By Anna Lynn Spitzer
Irvine, Calif., Feb. 26, 2007 – The picture just got a lot brighter on Calit2@UCI’s HIPerWall.
A groundbreaking software program developed by Calit2-affiliated postdoctoral researcher Sung-Jin Kim allows satellite imagery, maps, terrain and three-dimensional buildings from Google Earth to be displayed interactively on the HIPerWall.
The software’s complex algorithms provide an interface that translates Google Earth images from a laptop to the 50-panel, grid-based display. Now researchers can view the imagery at a 200-million pixel resolution.
The 23 x 9-ft. HIPerWall in Calit2’s Center of GRAVITY (Graphics, Visualization and Imaging Technology) at UCI could previously display terrain images only if they were stitched together offline, producing a static image. This approach – which was used with before-and-after pictures from Hurricane Katrina – was tremendously time-consuming and of limited benefit due to its fixed properties.
Stephen Jenks, assistant professor of electrical engineering and computer science, and Kim, his postdoc, had been discussing the possibility of developing a program that could display real-time satellite imagery. It was in conversations with Google that the company suggested utilizing an existing interface in its already widely-used program.
Kim got to work, downloading the Pro version of Google Earth and completing his software interface in two weeks despite some inherent limitations. ”Google Earth is not designed for such a large display wall and for use with multiple machines,” he said. “We are overcoming these limitations by actively collaborating with our counterparts at Google.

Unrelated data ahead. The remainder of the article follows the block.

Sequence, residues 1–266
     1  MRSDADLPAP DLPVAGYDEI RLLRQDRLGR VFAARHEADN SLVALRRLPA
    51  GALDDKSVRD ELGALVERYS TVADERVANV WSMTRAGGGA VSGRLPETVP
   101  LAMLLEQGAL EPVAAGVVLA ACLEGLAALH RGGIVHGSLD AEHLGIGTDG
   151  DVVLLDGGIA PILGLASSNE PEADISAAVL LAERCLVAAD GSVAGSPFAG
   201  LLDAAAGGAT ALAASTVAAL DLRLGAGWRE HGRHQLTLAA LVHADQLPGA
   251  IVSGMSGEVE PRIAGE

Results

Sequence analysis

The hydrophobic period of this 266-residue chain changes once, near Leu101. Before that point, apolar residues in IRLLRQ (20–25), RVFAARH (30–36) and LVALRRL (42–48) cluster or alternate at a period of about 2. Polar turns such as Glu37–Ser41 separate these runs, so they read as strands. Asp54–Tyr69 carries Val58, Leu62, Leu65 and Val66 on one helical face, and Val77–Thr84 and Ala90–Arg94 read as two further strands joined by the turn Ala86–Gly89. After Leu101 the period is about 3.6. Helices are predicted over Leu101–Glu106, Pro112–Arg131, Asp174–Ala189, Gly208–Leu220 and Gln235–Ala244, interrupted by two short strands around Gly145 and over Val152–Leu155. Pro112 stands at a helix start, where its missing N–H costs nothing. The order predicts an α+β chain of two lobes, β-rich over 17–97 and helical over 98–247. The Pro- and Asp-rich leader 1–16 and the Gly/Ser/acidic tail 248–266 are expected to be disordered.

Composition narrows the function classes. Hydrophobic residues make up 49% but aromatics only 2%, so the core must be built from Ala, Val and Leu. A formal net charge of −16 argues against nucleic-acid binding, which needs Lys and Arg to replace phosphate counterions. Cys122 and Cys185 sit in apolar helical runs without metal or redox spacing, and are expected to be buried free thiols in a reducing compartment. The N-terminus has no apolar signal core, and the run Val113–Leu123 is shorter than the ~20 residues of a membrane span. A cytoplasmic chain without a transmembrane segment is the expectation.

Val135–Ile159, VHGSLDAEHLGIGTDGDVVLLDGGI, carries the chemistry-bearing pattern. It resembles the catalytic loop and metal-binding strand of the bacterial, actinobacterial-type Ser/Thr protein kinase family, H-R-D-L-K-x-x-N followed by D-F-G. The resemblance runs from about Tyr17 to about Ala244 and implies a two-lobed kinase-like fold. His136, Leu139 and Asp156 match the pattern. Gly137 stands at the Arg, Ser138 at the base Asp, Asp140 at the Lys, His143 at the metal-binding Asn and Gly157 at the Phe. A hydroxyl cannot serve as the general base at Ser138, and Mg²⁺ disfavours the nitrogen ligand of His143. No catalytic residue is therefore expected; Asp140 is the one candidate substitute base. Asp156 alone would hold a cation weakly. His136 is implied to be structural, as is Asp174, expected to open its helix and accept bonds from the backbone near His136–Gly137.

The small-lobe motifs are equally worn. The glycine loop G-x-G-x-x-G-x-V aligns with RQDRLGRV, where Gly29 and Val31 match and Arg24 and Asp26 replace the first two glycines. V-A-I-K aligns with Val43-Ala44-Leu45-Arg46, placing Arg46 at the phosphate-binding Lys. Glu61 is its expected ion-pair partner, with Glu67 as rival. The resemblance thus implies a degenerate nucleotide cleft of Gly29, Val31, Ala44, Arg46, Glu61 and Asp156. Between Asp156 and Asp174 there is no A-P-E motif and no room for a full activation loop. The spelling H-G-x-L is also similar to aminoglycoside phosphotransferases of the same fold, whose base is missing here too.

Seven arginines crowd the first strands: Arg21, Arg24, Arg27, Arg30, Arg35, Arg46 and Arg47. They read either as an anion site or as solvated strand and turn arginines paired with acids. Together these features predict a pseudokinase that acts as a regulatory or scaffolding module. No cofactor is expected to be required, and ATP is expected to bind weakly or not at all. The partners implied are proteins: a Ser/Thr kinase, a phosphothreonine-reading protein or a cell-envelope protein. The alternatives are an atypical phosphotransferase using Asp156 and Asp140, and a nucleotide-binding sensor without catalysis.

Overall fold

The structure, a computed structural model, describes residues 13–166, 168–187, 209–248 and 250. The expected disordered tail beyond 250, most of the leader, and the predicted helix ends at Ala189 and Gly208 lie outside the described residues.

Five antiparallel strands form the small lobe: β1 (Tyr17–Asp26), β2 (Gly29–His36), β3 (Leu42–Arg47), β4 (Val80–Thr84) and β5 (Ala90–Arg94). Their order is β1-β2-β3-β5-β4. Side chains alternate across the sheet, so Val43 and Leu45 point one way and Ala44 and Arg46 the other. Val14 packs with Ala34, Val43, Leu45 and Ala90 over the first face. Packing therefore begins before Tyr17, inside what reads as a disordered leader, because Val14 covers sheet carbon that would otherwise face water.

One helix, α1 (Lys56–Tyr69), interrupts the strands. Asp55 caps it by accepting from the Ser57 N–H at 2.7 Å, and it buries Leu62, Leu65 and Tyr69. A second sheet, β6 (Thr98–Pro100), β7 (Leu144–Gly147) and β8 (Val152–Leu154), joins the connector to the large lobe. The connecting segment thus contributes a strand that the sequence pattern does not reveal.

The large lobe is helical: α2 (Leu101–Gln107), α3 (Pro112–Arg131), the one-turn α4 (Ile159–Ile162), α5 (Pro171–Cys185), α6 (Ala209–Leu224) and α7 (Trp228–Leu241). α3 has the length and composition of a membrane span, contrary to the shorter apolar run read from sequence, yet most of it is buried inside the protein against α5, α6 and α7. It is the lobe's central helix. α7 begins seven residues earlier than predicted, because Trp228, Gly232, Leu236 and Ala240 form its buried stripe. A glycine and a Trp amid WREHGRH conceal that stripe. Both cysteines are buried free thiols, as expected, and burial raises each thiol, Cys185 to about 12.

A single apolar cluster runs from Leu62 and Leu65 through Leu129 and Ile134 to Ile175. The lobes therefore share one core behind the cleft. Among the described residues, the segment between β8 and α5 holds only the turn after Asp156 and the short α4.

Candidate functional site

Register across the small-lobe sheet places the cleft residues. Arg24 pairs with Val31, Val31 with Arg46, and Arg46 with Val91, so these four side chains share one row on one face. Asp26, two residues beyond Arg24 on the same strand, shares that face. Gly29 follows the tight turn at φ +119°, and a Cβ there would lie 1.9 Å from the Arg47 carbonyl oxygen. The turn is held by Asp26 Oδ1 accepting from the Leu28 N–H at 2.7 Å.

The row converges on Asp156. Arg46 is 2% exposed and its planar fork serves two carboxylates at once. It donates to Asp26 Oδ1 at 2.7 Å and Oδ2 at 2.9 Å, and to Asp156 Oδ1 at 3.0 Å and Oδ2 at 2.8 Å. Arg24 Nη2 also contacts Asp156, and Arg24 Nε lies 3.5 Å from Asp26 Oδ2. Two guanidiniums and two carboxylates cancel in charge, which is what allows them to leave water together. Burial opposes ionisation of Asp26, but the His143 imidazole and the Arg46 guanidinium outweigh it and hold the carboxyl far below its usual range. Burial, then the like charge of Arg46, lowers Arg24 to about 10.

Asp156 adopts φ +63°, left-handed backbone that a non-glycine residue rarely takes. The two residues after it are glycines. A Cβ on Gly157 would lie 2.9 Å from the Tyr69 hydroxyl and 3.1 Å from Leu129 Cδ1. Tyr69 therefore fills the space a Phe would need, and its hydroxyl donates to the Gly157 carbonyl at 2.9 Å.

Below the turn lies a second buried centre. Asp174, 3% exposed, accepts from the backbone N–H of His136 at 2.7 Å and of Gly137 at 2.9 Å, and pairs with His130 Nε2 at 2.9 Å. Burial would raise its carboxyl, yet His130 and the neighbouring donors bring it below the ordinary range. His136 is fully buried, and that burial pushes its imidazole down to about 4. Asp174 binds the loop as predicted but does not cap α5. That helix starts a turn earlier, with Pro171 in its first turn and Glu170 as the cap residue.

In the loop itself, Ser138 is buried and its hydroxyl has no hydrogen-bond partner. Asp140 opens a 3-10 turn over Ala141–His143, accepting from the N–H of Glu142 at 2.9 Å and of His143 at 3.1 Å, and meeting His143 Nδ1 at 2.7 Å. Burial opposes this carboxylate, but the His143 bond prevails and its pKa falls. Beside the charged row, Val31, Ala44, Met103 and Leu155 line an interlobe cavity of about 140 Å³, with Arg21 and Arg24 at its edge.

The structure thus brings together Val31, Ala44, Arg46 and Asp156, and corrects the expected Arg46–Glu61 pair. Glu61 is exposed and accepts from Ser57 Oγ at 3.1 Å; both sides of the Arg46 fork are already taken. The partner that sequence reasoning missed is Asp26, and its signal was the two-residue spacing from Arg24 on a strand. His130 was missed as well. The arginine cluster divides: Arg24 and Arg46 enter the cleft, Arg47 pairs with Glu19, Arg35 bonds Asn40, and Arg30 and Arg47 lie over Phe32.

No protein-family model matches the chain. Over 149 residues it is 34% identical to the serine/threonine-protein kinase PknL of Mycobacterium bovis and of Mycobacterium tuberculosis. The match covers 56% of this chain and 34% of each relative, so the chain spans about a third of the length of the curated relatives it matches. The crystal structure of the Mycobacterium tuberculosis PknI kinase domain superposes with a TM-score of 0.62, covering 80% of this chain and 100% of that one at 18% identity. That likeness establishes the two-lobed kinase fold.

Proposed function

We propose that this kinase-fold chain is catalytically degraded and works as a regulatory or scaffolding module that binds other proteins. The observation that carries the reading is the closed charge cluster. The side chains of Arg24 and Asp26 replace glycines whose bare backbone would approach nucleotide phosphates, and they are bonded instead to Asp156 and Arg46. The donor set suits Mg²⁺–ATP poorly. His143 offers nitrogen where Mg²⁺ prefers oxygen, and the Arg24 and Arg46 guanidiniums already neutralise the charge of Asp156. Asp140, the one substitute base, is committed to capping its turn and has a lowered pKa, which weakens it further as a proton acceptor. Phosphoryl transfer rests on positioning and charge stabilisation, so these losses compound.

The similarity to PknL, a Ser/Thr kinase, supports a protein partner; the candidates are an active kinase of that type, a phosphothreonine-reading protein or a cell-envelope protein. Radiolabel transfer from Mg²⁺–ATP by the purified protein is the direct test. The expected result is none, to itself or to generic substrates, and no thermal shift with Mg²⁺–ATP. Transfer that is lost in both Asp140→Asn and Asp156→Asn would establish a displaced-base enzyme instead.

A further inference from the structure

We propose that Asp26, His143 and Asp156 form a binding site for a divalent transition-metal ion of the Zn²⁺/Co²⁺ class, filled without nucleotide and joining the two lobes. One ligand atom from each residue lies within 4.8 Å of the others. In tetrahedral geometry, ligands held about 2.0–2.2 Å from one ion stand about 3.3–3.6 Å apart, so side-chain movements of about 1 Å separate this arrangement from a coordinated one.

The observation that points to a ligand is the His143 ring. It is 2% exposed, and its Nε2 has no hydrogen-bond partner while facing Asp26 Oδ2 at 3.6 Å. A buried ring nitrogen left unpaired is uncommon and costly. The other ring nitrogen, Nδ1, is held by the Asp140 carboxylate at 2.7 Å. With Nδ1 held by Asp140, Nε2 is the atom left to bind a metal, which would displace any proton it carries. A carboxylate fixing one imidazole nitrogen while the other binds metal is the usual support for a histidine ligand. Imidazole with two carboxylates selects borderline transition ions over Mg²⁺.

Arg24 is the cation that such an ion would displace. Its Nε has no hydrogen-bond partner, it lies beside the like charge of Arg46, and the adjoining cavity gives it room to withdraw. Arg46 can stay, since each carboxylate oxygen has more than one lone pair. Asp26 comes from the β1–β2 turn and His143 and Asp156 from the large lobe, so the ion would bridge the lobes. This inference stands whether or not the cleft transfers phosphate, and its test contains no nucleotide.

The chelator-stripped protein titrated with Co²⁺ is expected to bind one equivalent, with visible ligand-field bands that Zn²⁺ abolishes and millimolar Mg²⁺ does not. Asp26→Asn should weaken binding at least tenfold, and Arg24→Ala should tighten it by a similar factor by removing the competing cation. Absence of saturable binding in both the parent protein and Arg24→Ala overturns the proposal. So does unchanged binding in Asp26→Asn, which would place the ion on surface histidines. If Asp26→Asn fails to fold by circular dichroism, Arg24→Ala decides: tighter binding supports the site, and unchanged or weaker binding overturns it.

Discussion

“It is very exciting because now we can fully utilize the well-known flexibility of Google Earth,” he added.
All parties are delighted with the outcome. Google is intrigued by the possibility of its imagery becoming available on large, high-resolution displays and Earth scientists are thrilled with the research possibilities. “We’ve wanted to do this for a long time,” said Jenks. “This gives us a level of flexibility in Earth visualization that we’ve never had before.”
The new technology was demonstrated last week in UCI’s Viz lab and beamed via video over an OptIPuter connection to UC San Diego’s Calit2 building, where HIPerWall PI and UCSD Associate Professor Falko Kuester showed it to visiting Google executives.
“It was really exciting,” Jenks said. “This gives us new options in disaster response, GPS tracking and annotated information. We can rotate the view, zoom in and out, and quickly navigate to new locations.
“Now, whatever Google captures at any resolution, we can see it on the HIPerWall.”
View Google Earth on Calit@UCI HIPerWall. [Real player required]